(http://www.thenational.ae/news/world/middle-east/americas-hidden-agenda-in-syrias-war)

>From late 2012 and through all 2013: FSA rejects this cynical US call for 
surrender and suicide for over a year. But then over that year, in practice, 
it more and more does fight the extremists simply because these extremists 
attack the FSA in the back, and because the FSA goes to the aid of Syrian 
people when they resist theocratic repression, first by JAN and then more so 
by ISIS. But still none of that gets any US or western arms, because the FSA 
still prioritises fighting the regime, keeping its fight with JAN and ISIS 
mainly defensive. Not good enough.

Beginning 2014: Al these attacks in the back and theocratic repression by 
ISIS, combined with popular pressure from the masses, force the FSA to 
decide to turn their ongoing battle with ISIS into a full-scale offensive to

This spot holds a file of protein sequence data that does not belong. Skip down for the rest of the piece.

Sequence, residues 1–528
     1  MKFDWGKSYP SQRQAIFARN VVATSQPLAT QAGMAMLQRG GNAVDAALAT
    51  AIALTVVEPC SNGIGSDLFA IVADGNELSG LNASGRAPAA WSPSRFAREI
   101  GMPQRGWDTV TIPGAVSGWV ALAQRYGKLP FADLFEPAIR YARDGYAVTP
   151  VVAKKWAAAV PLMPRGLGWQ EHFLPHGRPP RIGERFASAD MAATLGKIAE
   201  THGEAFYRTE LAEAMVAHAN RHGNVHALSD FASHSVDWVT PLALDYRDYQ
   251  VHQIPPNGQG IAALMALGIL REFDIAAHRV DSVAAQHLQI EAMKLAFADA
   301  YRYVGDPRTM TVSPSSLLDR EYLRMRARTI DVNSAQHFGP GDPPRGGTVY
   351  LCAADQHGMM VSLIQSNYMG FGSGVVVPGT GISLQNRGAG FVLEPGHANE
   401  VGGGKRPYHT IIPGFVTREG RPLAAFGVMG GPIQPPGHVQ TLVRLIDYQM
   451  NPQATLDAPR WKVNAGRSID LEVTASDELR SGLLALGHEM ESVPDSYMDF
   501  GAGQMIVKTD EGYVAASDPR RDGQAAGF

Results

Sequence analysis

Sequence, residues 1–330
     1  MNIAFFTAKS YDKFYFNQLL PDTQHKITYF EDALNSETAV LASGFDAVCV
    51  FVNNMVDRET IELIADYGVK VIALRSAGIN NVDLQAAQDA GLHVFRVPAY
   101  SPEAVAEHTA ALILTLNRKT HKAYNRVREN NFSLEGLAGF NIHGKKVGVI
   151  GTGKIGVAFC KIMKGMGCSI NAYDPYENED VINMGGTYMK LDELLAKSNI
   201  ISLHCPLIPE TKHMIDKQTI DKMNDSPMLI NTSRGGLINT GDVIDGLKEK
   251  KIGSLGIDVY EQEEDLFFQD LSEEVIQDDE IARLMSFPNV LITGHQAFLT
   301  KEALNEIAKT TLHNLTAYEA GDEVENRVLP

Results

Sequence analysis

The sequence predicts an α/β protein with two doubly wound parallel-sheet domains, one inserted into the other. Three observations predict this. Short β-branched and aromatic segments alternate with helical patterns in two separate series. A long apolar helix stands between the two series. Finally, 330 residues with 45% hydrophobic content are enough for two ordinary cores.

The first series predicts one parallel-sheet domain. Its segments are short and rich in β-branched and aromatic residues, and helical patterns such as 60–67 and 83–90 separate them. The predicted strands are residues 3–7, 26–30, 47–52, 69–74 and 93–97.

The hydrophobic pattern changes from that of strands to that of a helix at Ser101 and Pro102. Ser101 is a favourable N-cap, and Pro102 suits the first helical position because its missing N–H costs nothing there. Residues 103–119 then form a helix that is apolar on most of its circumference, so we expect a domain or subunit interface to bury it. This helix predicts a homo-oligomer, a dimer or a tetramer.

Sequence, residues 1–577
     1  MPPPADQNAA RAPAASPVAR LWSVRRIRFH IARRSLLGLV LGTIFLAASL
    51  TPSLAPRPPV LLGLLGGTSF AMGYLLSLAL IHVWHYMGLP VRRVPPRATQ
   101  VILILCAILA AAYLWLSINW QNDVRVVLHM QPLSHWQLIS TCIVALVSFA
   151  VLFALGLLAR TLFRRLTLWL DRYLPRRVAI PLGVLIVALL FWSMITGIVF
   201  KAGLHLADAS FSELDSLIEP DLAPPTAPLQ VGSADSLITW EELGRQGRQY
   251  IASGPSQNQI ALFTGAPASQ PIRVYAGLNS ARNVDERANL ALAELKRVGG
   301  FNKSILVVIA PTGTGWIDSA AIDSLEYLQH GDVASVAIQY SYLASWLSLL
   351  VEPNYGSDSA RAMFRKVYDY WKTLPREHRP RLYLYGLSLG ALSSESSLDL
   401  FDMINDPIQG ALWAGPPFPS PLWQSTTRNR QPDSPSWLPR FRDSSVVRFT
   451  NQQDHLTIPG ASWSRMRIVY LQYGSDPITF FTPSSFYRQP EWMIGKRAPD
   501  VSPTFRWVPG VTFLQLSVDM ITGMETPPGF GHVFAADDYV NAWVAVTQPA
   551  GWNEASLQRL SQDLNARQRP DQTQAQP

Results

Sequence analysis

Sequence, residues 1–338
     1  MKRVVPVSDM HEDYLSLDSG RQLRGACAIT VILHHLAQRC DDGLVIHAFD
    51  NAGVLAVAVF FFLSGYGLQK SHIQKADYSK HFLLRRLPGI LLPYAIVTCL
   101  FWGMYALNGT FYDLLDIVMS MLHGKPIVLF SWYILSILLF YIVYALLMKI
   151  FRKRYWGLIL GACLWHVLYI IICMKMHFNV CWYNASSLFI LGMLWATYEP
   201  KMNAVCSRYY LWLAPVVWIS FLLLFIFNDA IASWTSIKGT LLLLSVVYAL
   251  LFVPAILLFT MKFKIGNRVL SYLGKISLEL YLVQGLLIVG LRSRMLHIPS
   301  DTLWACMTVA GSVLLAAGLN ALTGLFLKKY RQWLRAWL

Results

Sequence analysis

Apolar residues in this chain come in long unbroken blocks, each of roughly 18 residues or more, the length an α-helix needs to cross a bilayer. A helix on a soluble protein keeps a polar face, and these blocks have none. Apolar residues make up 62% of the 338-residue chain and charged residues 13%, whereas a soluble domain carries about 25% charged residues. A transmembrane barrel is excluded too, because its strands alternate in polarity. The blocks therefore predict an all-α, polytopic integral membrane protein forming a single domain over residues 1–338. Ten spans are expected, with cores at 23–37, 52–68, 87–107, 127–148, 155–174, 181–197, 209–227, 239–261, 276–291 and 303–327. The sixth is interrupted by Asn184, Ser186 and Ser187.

destroy ISIS, the most dangerous, murderous and extremist wing of the 
jihadist fringe. They decide to do this in their own time, based on their 
own analysis of the balance of forces and the needs of the revolution at the 
moment, rather than do the bidding of US imperialism.

But still, even if late, and based on their own decision making, it is what 
the US has been demanding all along, isn't it? So how does the US react:

6. Beginning 2014: Now we can't provide arms to the FSA because if we give 
them arms while their fighting the extremists, the extremists might get 
their arms!!!!!

"Also bolstering the regime is the caution of some rebel backers like the 
U.S. to boost assistance to moderate groups battling ISIS until the fighting 
in northern Syria ends. Some rebel groups such as the Syrian Revolutionaries